Controversial Study Links Vasectomy to Prostate Cancer
NEW YORK, NY--(Marketwired - Aug 7, 2014) - A new study published last month in The Journal of Clinical Oncology indicates that there may, in some cases, be a link between vasectomies and an increased risk of contracting the most lethal form of prostate cancer. A vasectomy is a surgical procedure for male sterilization, providing a permanent form of birth control. During the procedure, the vasa deferentia are severed, tied and sealed to prevent the release of sperm.
The study is a culmination of 24 years of research released by Harvard School of Public Health. Researchers at Harvard analyzed the data on 49,405 U.S. men who ranged in age from 40 to 75 years in the Health Professionals Follow-Up Study. Of those 12,321 men who had vasectomies -- or 25 percent of study participants -- researchers discovered 6,023 cases of prostate cancer from 1986-2010. Among those cases, 811 were lethal. World-renowned robotic prostate surgeon David B. Samadi, MD, Chairman of Urology and Chief of Robotic Surgery at Lenox Hill Hospital, says that this is just another reminder that early detection and regular screenings for prostate cancer are imperative.
"Typically, men should get screened annually for prostate cancer starting at age 50. This screening includes two exams that should be performed concurrently, the Prostate Specific Antigen (PSA) test and the Digital Rectal Exam (DRE)," said Dr. Samadi. "However, men who have one or more risk factors should be screened at an earlier age, 40-45 years old."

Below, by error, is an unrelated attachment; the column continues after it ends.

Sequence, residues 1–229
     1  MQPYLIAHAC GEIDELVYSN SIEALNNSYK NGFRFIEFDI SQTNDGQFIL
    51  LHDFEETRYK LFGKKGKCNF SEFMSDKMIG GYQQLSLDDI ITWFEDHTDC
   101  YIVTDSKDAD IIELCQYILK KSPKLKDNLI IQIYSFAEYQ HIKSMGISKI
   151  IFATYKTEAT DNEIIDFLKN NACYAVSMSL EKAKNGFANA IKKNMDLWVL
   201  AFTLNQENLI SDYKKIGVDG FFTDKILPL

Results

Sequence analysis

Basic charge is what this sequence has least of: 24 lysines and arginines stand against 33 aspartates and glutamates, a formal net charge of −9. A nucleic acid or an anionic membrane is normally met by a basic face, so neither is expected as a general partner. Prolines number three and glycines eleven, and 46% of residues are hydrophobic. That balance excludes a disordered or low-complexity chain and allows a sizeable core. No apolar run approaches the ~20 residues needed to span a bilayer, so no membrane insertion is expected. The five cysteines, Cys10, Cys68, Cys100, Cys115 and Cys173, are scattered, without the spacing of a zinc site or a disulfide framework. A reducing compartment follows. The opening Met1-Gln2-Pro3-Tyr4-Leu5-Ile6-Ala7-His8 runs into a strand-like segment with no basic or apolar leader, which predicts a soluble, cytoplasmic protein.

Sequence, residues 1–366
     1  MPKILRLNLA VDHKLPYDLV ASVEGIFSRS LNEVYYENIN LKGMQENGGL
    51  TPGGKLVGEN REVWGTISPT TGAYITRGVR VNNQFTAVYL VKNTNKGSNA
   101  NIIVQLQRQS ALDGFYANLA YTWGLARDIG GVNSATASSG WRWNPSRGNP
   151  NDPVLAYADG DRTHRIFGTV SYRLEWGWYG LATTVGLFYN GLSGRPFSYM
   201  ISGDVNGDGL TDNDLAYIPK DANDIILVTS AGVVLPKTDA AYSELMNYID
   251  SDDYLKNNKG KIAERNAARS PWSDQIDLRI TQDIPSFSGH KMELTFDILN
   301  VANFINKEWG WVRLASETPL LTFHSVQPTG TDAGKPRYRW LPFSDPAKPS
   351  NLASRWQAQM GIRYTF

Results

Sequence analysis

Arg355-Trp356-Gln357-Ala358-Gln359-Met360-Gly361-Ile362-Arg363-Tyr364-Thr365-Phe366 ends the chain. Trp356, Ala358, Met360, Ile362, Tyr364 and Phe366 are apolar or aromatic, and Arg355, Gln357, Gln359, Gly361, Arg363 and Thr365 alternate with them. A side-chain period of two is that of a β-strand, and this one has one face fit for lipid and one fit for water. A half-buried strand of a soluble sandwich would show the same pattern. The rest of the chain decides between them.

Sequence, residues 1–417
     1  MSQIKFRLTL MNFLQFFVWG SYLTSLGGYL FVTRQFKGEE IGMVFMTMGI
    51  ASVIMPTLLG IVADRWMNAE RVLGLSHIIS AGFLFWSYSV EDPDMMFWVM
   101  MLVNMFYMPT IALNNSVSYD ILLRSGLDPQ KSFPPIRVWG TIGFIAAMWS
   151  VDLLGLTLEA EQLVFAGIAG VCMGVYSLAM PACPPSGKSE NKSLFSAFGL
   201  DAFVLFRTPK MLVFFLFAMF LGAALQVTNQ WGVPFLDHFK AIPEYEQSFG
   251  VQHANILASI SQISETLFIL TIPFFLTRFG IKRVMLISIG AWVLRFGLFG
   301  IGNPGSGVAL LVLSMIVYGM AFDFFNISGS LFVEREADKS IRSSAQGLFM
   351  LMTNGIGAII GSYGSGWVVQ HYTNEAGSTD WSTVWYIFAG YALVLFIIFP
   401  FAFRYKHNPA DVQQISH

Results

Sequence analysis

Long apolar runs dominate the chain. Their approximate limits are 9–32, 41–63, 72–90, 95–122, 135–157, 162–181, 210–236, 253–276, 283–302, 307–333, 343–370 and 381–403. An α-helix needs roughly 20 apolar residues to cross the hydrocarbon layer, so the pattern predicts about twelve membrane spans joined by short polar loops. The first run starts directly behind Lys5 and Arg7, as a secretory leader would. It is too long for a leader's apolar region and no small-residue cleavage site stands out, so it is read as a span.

Although the risk of getting prostate cancer increases with age -- most cases occur in men after age 65 -- genetics, ethnicity and the environment can all play a role. Men with a father or brother who has prostate cancer are twice as likely to get the disease. Furthermore, African-Americans, veterans exposed to Agent Orange and obese men are also at increased risk.
While previous studies have surmised a connection between vasectomies and prostate cancer, many experts remain skeptical of any correlation. In fact, some dismiss the notion altogether and believe that men with vasectomies are simply diagnosed more often because they receive more medical attention. Other experts have also attributed the increased prostate cancer risk to immunological changes, abnormal cell growth and/or hormonal imbalances following a vasectomy.
Admittedly, the study's revelation that men with vasectomies are 20 percent more likely to develop lethal prostate cancer is alarming, but many experts feel that a definitive causal relationship is still inconclusive and would not suggest ruling out the procedure. "Every man has to weigh his options, discuss his concerns with his doctor and decide whether a vasectomy is right for him. Early detection of prostate cancer is key to effectively reducing one's risk and treating this silent killer. If men follow the recommended screening guidelines for prostate cancer and see their doctor every year, many can live long, healthy lives," concluded Dr. Samadi.
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